Monday 13 July 2015

US's first cruise ship captain, Kate McCue

One of the best things about exploring mountains of information about the way women have progressed in maritime history is that I know when feats are mega-feats, par-for-the-course, or odd. Comparisons can be illuminating.

So when today Celebrity Cruises announced their first woman captain, Kate McCue, it's very interesting to see where she fits in two contexts: women cruise ship captains all over the world, and US women captains.

(This information is extracted from my forthcoming history of women at sea:
From Cabin 'Boys' to Captains. It's being published by the History Press, April 2016. There's a whole chapter on women breaking through into deck work, including the first women captains.)

Kate McCue is one of several illustrious women who have finally been allowed to captain huge cruise ships, since 2003. Some cruise ships captained by women are twice the size of hers; many go worldwide, not only the US's east coast, as she will be doing.
She is the successor of women masters who began sailing in the 1830s. Women really broke through in the 1930s in a small way, and then more routinely from the 1970s following anti-discrimination legislation.
The US Navy has been allowing women in command (of small warships) for a decade, so Captain McCue's feat is surprisingly late in US history. However, she has risen to this height relatively quickly, after only fifteen years.

The breakthroughs on cruise ships
2003: Inger Klein Olsen became staff captain on the Seabourn Pride, then took command of the Queen Victoria in 2010, Cunard’s first woman captain.
2007: Karin Stahre Janson (pictured) became Royal Caribbean International’s first woman captain on the Monarch of the Seas and the first woman to command a major cruise ship.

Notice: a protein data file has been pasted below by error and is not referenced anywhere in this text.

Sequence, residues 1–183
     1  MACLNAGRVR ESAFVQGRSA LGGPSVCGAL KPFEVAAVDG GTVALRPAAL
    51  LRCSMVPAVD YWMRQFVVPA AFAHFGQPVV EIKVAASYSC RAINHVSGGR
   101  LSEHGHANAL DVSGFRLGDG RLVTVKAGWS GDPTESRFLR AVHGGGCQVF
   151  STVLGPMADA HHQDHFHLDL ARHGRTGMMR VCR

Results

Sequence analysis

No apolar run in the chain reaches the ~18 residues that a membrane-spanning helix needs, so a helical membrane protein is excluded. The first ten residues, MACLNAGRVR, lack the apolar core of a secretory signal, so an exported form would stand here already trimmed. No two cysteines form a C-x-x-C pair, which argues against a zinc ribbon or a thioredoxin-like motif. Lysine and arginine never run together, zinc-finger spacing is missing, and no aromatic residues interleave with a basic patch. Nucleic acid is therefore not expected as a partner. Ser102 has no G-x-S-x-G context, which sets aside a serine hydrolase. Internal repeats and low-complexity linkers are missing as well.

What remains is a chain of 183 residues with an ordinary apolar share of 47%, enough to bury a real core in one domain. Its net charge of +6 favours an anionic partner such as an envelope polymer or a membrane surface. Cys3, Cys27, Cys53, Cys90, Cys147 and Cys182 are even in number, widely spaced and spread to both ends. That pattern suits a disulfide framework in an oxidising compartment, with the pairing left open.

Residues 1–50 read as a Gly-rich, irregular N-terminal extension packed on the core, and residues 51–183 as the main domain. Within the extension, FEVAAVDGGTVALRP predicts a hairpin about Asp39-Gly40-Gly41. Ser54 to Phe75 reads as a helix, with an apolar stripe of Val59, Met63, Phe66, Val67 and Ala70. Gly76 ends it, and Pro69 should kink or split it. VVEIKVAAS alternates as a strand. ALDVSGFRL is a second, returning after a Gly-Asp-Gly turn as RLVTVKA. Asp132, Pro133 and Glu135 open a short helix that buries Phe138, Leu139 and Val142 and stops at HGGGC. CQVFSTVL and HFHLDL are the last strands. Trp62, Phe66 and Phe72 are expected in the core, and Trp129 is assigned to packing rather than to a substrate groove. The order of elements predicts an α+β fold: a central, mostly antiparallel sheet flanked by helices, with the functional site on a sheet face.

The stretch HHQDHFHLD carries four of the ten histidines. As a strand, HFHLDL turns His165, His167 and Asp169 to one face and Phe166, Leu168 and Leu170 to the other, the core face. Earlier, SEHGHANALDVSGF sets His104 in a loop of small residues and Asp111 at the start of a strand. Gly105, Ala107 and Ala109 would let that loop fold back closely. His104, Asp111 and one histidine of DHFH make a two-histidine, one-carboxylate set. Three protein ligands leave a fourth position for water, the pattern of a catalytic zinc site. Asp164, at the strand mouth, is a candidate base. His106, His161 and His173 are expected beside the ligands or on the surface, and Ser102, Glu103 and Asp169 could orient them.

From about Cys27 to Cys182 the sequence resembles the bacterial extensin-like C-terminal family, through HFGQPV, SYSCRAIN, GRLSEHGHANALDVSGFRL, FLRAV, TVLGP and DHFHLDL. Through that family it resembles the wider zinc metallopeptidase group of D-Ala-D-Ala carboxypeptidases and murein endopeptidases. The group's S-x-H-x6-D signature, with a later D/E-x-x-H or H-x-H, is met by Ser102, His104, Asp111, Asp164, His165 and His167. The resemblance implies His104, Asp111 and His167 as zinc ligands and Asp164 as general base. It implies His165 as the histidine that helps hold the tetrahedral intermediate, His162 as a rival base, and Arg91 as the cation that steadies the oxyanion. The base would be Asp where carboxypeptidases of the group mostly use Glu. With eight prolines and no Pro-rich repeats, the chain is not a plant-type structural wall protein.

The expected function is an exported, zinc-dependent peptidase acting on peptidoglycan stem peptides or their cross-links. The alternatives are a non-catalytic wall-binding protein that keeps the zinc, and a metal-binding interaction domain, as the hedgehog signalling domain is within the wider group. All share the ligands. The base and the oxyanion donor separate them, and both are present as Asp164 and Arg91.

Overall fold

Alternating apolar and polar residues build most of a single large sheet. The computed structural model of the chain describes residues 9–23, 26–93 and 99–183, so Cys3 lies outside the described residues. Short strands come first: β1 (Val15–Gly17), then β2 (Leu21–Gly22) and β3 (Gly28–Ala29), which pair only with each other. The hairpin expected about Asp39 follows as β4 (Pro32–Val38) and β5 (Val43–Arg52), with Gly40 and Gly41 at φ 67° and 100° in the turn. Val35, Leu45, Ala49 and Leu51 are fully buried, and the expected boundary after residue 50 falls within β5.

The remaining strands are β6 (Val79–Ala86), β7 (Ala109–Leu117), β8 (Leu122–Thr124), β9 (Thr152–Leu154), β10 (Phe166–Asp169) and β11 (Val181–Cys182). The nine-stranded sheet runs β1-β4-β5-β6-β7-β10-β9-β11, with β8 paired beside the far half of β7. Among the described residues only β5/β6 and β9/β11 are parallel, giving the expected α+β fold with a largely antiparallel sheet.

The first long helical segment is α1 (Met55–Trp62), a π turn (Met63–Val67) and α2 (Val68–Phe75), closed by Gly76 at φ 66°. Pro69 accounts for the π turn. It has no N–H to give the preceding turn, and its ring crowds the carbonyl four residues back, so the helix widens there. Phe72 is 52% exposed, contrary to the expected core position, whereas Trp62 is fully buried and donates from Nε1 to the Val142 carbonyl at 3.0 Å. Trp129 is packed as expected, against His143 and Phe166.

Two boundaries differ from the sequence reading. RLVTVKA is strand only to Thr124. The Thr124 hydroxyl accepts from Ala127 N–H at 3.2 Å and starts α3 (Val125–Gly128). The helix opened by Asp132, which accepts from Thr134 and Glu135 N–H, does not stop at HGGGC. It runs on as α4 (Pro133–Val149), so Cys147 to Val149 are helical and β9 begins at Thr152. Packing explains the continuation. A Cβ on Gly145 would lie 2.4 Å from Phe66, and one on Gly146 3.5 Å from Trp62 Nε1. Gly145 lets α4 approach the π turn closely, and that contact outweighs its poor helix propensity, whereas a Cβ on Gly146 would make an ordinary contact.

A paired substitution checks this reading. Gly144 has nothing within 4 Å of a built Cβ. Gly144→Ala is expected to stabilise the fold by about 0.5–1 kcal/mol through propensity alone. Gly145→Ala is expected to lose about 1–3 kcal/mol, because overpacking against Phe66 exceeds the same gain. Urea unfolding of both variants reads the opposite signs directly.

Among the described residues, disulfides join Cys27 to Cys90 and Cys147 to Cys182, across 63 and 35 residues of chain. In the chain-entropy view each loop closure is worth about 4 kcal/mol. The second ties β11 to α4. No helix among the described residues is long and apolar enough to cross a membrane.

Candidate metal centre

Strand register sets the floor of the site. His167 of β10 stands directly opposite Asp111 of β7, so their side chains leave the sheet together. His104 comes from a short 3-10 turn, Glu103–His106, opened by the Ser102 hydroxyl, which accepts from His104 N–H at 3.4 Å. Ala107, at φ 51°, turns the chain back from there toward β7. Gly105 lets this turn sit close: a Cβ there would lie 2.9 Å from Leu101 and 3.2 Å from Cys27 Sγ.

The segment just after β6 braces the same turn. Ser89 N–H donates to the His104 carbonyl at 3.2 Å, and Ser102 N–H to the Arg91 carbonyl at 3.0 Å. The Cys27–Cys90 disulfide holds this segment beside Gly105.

2008: Lis Lauritzen became relief captain on RCI’s Jewel of the Seas followed by command of the Vision of the Seas in 2011.
2010: Sarah Breton became captain on P&O Cruises’ Artemis, followed by command of P&O Cruises Australia’s Pacific Pearl in 2011.
2015: Kate McCue becomes Celebrity Cruises' first woman cruise ship captain, on the Celebrity Summit.

Earlier US women captains
US women were captains from 1887. They included Philomène Daniels, ’the first female steamship captain’ (pictured below) Mary M Miller, and Mary W Coons.
Lots of 'firsts' were claimed, in women's maritime history, I've found. Maybe communications weren't good enough to allow for checking and corroboration.
Possibly the first certificated US captain was was Ivy Wambolt (1910-1976)
Captain Ivy commented to a newspaper that ‘It was natural for me to go to sea … my father and my brothers all went … Following the sea is much more exciting than sitting at a pokey old desk. I get to go places, see things, and know that my ship is my own … I don’t see how it is unusual for a girl to be a captain. It happens to be my job.’
Ivy was followed by Molly Kool in 1939.

Worldwide pioneering woman captains

Worldwide, women have been captains since at least the 1830s. Some weren't certified, because formal qualifications, rather than experience, weren't initially required. The first woman captain on record in Western history is Betsy Miller,(1792-1864). Master of the Cloetus or Cletis, a 197-ton brig taking timber from Ardossan to Belfast, Dublin and Cork, she was from Saltcoats, Ayrshire, in Scotland.
Women in the early days, and they were rare, almost always rose to these heights because their family owned ships and had trained the woman to handle them. The women were known and trusted, and didn't initially do very long voyages.